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Tarish 'Jeghetto' Pipkins Brings Afrofuturist Universe to Center for Puppetry Arts

Jeghetto is the first guest artist featured by the Center’s Puppetry NOW program, which supports puppeteers and artists of color by giving them a solo exhibition in its museum.

Published: 07/07/22

Tarish "Jeghetto" Pipkins sets up his Puppetry NOW exhibition at the Center for Puppetry Arts in Midtown.

BY ELLIE HENSLEY

What if the classic story of Pinocchio were reimagined as a Afrofuturistic Hip Hopera that examines multiverse theory? 

That’s what Tarish “Jeghetto” Pipkins has done with his puppet show, 5P1N0K10, (pronounced Spinokio), and several of the characters featured in the story are now on view at the Center for Puppetry Arts

5P1N0K10 is the first exhibition in the Center’s new series, Puppetry NOW, which features puppeteers and artists of color by giving them the keys to its museum’s special gallery as an experimental space to fill with their art. 

Learn more about Pipkins below, including how he became interested in puppetry, got his nickname and found himself working alongside Missy Elliot and Pharrell in a music video.

 

Lifelong, Self-Taught 

Pipkins was born in the small steel mill town of Clairton, Pennsylvania. He has always been interested in art, from spoken word to visual arts, but has never had any formal training. 

“Even as a little kid, I was always making stuff out of found and recycled materials,” he said. “There was never a name for it. I just called it poor, you know? We made our own fun.”

In the late 1990s, Pipkins joined the BridgeSpotters, a collective of Black artists, and became known for his “live paintings” and poetry. A voice in his head told him to make a puppet, so he did — a wrapped wire with clothes on it dubbed “Doobie Live Wire” who took the stage with him at a gallery open mic night and received rave reviews. 

At the time, Pipkins was also working as a barber, and his clients loved him so much that they were reluctant to see him go full-time as an artist. He finally got a chance to reinvent himself in 2005 when he moved to North Carolina, where he currently resides. 

“I just started doing my thing, and here I am,” he said. “But I’m a perfectionist, so it’s never good enough. Even the puppets that I do have, I’m always modifying and rebuilding them. I’m never satisfied with their movement.”

 


5P1N0K10, (pronounced Spinokio), from Pipkin's Afrofuturistic Hip Hopera. Image Credit: Center for Puppetry Arts. 

 

WTF (Where They From)

After his move, Pipkins worked for a teacher for several years and continued to build puppets. Then, the opportunity of a lifetime came along. A friend he used to rap with in Pittsburgh got signed with record producer Timbaland, and he found out fellow artist Missy Elliot was looking for a puppeteer to work with in her next video.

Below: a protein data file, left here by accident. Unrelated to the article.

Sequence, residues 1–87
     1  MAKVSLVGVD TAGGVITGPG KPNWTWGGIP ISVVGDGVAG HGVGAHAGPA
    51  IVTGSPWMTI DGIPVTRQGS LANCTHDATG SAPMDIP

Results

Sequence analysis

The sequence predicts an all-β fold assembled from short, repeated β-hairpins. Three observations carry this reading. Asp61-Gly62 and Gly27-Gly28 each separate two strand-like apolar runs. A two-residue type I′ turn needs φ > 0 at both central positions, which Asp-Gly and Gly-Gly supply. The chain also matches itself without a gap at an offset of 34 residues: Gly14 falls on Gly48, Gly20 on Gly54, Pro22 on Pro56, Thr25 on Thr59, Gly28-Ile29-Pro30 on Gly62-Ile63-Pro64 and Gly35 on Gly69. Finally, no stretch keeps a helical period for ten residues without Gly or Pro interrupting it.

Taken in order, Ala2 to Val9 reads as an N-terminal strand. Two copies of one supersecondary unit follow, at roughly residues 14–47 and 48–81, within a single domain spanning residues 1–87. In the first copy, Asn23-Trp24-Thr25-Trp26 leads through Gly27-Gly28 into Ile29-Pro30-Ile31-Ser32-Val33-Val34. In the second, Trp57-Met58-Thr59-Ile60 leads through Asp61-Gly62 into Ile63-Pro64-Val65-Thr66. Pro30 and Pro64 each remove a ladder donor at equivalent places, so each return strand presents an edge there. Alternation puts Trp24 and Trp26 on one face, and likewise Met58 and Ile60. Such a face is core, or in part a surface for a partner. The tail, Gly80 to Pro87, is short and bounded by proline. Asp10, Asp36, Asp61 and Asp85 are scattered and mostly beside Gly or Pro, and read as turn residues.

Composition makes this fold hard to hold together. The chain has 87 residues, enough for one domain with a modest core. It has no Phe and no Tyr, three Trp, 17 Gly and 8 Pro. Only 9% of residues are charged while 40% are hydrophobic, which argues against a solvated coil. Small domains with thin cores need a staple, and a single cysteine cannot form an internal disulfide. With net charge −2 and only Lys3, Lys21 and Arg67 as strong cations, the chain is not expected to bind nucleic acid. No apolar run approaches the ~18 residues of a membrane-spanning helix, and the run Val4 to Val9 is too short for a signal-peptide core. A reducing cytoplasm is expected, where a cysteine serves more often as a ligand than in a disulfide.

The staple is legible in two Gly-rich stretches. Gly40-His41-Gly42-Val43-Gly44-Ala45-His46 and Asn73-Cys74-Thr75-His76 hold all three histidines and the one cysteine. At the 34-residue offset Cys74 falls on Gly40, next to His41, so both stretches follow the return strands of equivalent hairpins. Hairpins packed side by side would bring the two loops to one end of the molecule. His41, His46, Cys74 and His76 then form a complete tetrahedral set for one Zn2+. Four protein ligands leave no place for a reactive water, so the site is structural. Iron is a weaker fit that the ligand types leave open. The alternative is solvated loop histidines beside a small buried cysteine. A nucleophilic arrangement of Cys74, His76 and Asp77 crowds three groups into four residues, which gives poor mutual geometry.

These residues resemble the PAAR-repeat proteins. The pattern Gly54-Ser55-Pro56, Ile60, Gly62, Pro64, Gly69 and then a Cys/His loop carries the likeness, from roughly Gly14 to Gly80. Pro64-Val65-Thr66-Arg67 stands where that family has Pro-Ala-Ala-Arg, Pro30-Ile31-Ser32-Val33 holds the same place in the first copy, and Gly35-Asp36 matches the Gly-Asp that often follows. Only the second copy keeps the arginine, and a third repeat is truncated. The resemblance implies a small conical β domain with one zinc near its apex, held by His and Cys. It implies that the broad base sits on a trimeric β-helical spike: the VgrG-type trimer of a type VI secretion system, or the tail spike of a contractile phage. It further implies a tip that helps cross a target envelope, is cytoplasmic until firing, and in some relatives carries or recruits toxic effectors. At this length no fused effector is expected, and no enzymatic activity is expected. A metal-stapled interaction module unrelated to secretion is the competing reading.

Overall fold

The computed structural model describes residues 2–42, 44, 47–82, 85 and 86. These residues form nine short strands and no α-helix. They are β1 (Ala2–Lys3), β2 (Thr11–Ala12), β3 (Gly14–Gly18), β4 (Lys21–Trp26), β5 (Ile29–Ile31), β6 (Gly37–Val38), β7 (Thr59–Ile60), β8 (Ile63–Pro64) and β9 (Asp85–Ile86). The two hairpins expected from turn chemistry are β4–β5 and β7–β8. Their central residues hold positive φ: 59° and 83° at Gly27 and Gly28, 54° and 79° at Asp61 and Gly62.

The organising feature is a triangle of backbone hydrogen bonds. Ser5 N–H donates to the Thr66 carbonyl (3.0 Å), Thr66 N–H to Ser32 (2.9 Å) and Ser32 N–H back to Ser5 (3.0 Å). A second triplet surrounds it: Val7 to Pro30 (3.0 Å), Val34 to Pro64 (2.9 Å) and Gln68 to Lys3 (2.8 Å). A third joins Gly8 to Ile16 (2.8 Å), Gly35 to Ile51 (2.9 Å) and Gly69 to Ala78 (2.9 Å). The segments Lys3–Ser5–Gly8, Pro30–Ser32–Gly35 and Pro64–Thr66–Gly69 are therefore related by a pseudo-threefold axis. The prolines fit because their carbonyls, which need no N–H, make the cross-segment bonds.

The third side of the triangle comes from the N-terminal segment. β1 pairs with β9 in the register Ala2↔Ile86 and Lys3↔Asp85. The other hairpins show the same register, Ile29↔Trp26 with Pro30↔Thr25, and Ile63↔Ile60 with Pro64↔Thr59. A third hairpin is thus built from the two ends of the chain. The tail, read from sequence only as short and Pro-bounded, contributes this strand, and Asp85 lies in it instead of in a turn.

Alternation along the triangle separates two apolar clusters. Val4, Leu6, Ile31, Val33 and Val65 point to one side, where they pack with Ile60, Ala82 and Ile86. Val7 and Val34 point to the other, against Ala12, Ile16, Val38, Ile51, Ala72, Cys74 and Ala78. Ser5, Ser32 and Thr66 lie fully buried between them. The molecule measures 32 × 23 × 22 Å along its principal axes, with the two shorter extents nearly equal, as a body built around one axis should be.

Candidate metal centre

“I was at work at the school when they called, and the kids were out at recess,” he said. “A coworker came in and asked me what’s wrong, and I was like, ‘I was just on the phone with Missy Elliot.’”

A year later, Pipkins flew out to do the video shoot for Elliot’s “WTF (Where They From)” music video, where he controlled the puppet for Pharrell, who was featured in the song. He made the decision at this point to become a full-time artist. 

“Puppetry’s been really good because even though I was a rapper, me rapping would never have gotten me into a video with Missy,” he said. “This puppetry thing, I can plug into anywhere because it is so adaptive. Skills pay the bills.” 

 

Puppetry, Rebooted

Although many picture “Sesame Street” or “The Muppets,” Pipkin’s work tends to be darker and aimed at older audiences. 

“People have no idea the rabbit hole that the world of puppetry is,” he said. “There’s shadow puppetry and stories of drama and violence. I’ve been in puppet slams and seen some of the wildest puppet shows you have ever wanted to see.”

Pipkins' play 5P1N0K10 tells the story of Pinocchio through an Afrofuturistic point of view. He has tapped into his past rap experience to create a Hip Hopera, co-written by Pierce Freelon, about the multiverse that transports viewers to a post-apocalyptic realm.

“It questions, ‘What is humanity? What is reality?’” Pipkins said.

The Henson Foundation awarded Pipkins two grants for the stage production of 5P1N0K10, and his Puppetry NOW exhibition is a reboot of the show scaled down to table-top-sized puppets. His sons, aged 14 and 19, came along with him to perform at the Center from June 23-27. 

“The storytelling aspect of it has a father-son dynamic because I’m a real proud father, and I want to tell my story in as many ways I can without being preachy,” he said. “I love fatherhood and I get to tell that in a fun way through puppets.”

Pipkins actually coined his nickname “Jeghetto” while watching Pinocchio with his older son, who was five years old at the time. 

“I was reading the back of the DVD about Geppetto, and I pulled out a pen and wrote out 'Jeghetto' and thought, ‘I might be onto something,’” he said. “So I decided to run with it.” 

While Pipkins has wrapped his performances at the Center for Puppetry Arts, you can see the 5P1N0K10 exhibition through September 25. After it closes, he will leave behind a few of his pieces for the Center’s World of Puppetry permanent collection and help select the next special Puppetry NOW exhibitor.

Get your tickets to the Center for Puppetry Arts’ Worlds of Puppetry Museum here

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